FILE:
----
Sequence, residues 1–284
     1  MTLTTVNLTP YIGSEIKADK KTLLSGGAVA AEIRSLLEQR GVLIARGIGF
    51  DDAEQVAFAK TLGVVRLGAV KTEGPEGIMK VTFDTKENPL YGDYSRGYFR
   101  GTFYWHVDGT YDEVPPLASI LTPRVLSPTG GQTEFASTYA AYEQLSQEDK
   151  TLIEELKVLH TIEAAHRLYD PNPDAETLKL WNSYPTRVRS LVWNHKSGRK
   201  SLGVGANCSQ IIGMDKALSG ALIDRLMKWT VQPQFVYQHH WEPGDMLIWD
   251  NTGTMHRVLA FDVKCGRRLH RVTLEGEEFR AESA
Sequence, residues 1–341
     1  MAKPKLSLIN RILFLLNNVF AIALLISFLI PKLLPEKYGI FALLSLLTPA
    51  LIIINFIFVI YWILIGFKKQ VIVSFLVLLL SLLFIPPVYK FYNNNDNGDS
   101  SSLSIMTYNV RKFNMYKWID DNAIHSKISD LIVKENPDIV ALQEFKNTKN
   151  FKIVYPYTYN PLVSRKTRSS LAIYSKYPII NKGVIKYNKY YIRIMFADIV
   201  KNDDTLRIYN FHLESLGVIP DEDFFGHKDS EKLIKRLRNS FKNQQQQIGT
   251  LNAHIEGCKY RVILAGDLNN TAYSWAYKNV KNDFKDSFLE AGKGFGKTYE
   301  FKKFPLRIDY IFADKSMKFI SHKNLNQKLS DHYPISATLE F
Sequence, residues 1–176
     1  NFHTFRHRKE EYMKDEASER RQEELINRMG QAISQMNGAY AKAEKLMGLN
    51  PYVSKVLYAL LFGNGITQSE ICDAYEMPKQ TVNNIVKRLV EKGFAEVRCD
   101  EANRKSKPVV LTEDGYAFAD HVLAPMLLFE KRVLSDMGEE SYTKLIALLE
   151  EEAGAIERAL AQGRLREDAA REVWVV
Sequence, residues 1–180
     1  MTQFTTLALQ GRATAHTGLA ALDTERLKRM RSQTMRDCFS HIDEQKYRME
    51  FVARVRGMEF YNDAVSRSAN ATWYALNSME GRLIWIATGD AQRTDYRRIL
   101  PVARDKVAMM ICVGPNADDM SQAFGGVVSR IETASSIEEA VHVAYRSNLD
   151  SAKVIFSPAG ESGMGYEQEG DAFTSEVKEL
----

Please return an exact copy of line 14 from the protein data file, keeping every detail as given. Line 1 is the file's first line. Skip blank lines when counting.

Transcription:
   251  LNAHIEGCKY RVILAGDLNN TAYSWAYKNV KNDFKDSFLE AGKGFGKTYE